The whole show started out strong and just kept getting better. Volunteers ran a wide variety of Kobold Press adventures, from visits to the Margreve forest to strange and distant places and a dangerous visit to the Goblins in the Brewery. Kobold staffers and freelancers held seminars on hmebrewing, becoming a freelancer, and humor and gravitas in gaming. Most of these were recorded and will be available through the Know Direction podcast later this month.
It’s Game Day!
So you’re ready to go and you bring all your gear to the right room at the right time. You find your table and meet your players! Before things really get started, take time to introduce yourself and the adventure ahead. Now the gamers coming to your table will most likely have never met you or each other. Ask them to introduce themselves to the group by giving their names and what games they’ve played. Afterward do the same for their characters. This gets everyone oriented and ready to game. It’s also a handy idea to provide stick-on name tags and use character names so they don’t end up calling each other “elf” or “fighter guy” all the time.
Remind everyone how long the game is expected to last. If it’s going to run longer than three hours, make sure you tell them there will be a fifteen-minute intermission about half-way through. This gives smokers and bladders a break and also gives you some time to refresh yourself before you go back into the ring. Any experienced GM knows refereeing a game takes a lot of energy, so meal up beforehand and pace yourself throughout the event. Everyone at the table made a commitment to be there to play and have fun, so remind players to turn off their cell phones or, if they must take a call, to take the call away from the game table. You’ll keep an eye on the player’s character until he or she returns, but don’t stop the game because of one player.
There’s something special and exciting about running an adventure at a big gaming convention like PaizoCon and Gen Con! Are you ready for this experience—especially now that convention season is upon us? If this is your first time gamemastering at a convention or even if you’re a veteran convention GM, here are some helpful tips to make your game the best it can be.
Before the Game
A great GM is a ready GM. Prep as much as you can for your game ahead of time, and you’ll have an easier, more enjoyable game when the big day arrives! Well beforehand, re-read your adventure and make whatever edits you need that make the adventure more accessible for convention play. You may need to modify, delete, or add encounters to accommodate a larger group of players. And don’t forget to account for the amount of time allotted for play. The entire session you have scheduled should include some time to get players situated, plus time to wrap up things. Make those decisions now, or you’ll find yourself harried and dithering at game time.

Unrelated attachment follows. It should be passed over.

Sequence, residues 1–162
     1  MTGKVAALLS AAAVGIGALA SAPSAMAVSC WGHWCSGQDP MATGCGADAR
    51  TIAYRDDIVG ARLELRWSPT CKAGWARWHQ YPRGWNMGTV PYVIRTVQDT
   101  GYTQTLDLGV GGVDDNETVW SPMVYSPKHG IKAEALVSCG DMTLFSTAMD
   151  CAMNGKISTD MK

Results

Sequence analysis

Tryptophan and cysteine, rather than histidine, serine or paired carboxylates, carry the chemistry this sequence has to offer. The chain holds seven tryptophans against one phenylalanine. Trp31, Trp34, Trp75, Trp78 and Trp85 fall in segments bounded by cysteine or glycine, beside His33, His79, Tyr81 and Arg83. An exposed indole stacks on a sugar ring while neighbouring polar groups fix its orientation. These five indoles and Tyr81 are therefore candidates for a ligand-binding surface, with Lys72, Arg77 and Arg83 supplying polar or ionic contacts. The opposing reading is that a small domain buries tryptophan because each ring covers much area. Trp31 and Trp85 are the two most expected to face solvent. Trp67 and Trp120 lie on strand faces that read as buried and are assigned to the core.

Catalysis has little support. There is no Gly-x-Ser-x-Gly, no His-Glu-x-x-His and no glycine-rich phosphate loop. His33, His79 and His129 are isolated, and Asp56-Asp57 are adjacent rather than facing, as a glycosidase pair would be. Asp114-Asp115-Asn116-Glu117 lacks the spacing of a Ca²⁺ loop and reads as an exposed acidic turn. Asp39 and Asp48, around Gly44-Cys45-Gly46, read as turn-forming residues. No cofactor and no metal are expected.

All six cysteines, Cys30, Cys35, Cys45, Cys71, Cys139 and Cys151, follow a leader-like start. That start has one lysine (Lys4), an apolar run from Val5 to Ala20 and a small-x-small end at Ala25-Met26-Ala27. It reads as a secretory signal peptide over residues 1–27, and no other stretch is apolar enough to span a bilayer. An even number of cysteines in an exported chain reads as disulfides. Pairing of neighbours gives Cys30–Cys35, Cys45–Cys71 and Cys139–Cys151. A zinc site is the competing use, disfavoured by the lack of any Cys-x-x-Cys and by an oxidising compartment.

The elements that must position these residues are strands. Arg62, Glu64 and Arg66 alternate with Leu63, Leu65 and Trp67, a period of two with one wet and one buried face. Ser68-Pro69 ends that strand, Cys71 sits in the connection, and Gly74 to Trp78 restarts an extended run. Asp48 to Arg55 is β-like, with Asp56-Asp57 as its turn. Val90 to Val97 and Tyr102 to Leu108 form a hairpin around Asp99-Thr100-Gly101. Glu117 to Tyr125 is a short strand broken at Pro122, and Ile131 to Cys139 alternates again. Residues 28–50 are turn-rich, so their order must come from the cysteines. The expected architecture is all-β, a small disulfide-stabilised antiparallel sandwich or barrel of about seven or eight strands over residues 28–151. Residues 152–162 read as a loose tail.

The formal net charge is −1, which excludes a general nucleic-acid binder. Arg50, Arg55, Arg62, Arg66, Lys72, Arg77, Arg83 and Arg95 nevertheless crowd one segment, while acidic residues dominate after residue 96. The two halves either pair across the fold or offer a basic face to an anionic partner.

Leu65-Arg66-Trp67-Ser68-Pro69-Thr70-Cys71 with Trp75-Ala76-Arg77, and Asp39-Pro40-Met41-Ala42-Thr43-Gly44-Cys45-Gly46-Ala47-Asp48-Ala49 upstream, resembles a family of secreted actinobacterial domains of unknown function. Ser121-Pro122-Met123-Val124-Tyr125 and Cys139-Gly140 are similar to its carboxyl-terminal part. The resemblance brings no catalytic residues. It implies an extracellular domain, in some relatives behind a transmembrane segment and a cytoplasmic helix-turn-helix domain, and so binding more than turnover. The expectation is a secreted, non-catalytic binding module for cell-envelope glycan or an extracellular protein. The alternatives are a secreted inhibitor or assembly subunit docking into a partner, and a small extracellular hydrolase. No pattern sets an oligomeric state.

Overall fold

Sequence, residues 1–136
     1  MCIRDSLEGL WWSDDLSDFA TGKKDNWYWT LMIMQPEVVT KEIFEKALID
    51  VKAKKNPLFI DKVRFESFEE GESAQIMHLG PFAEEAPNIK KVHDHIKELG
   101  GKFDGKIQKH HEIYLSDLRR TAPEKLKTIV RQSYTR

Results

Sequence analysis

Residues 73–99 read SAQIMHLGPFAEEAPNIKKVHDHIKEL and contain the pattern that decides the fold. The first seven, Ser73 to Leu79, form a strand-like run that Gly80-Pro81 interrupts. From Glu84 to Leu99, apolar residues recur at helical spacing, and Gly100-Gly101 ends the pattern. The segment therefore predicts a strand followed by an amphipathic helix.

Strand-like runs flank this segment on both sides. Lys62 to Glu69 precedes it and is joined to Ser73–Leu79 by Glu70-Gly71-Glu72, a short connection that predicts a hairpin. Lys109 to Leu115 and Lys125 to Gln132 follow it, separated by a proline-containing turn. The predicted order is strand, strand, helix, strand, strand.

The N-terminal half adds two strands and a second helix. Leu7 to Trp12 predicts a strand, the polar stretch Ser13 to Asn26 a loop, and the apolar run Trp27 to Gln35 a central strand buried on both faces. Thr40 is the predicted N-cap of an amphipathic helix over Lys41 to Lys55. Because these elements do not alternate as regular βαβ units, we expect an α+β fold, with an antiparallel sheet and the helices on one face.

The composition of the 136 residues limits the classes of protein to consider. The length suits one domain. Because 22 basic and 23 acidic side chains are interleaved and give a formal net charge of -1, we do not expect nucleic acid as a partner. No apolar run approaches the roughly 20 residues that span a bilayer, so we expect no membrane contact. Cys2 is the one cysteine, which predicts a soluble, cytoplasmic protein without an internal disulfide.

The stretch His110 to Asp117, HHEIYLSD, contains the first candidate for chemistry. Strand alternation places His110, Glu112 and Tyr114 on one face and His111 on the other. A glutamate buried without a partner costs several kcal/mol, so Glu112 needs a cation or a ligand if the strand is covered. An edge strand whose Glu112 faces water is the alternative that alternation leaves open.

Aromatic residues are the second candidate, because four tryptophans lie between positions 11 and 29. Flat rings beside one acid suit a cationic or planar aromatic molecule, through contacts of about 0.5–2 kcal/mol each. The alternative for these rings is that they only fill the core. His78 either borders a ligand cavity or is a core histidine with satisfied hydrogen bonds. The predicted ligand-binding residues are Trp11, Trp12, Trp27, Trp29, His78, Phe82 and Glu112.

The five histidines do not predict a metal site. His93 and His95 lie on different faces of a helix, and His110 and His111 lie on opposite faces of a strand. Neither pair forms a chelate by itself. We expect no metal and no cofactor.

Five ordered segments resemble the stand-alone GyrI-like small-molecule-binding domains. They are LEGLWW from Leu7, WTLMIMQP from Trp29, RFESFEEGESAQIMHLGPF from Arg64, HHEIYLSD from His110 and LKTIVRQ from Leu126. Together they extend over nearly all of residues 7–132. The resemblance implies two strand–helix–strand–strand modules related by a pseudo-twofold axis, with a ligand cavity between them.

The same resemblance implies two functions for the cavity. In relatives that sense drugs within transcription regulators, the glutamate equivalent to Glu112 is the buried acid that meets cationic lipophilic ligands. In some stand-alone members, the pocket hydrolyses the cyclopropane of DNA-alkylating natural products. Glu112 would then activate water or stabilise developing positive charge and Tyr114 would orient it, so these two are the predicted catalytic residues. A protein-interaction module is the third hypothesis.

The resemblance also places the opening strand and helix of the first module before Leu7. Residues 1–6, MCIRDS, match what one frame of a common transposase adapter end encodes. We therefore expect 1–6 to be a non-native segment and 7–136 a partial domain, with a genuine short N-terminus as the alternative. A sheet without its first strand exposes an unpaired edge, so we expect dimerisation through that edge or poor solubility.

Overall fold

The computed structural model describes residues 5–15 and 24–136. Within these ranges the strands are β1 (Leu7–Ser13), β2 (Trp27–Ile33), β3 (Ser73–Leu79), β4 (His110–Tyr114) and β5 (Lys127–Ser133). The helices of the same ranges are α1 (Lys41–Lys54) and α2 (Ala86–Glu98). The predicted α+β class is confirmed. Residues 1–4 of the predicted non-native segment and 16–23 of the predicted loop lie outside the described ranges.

Additionally, print out any handouts, gather props you’ll need, and select any miniatures you might need in advance. Keep everything together in a “go bag” along with snacks and drinks for yourself. If you’ll be using a battlemap for figures, have it drawn out in advance to save game time. Players get bored sitting idle while a GM carefully draws lines for twenty minutes. Then when the time comes, you can lay down your masterpiece with a smile and say, “Roll initiative!”
Publishers spend good money on quality art and maps. Find some good visuals for your game, print them out, and keep them in a handy folder. Plunder old game magazines for cool art. Slice them out, slip them in plastic page protectors, and whip ‘em out at encounter time! I like to have a cool visual for as many scenes and monsters as possible. It also gives players something to look at while you read descriptive text or while you’re working with one particular player.
Uh Oh! Player Prep Fail!
There’s always someone who’s not prepared, who made a last-minute game change, or who lost their stuff en route to the con. Be the hero of the day and keep extra pencils, erasers, and dice available for your players. Also, always have plenty of pregenerated characters printed out and ready to use, even if players are supposed to bring their own. If someone had a complete disaster and came totally unprepared, how would you be able to help them? Think of what you’d need in a situation like that, and the list that comes to mind can be the one you create to help in epic prep fail situations.
The Kobold King needs you! BY THIS FRIDAY we need 2 or 3 GMs on board to run Kobold events for Pathfinder RPG at PaizoCon 2014 July 4-6. We’d also welcome a GM to run a 13th Age table for Team Kobold.
We can offer a badge, swag and undying gratitude. (But not plane fare or hotel accommodations, sorry.) Willing and able to commit? Email email@example.com!